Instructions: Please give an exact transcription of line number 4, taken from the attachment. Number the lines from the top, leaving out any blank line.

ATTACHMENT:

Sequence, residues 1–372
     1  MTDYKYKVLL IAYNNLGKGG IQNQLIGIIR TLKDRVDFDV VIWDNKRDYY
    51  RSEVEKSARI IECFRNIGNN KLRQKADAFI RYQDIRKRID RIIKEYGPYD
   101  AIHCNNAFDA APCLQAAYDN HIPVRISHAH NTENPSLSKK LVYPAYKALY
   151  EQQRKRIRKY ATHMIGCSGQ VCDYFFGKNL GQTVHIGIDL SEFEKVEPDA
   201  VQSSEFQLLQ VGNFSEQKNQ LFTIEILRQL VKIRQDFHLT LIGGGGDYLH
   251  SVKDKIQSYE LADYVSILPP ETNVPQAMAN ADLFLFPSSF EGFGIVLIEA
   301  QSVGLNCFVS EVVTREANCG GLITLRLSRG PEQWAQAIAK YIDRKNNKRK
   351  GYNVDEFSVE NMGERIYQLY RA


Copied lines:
   101  AIHCNNAFDA APCLQAAYDN HIPVRISHAH NTENPSLSKK LVYPAYKALY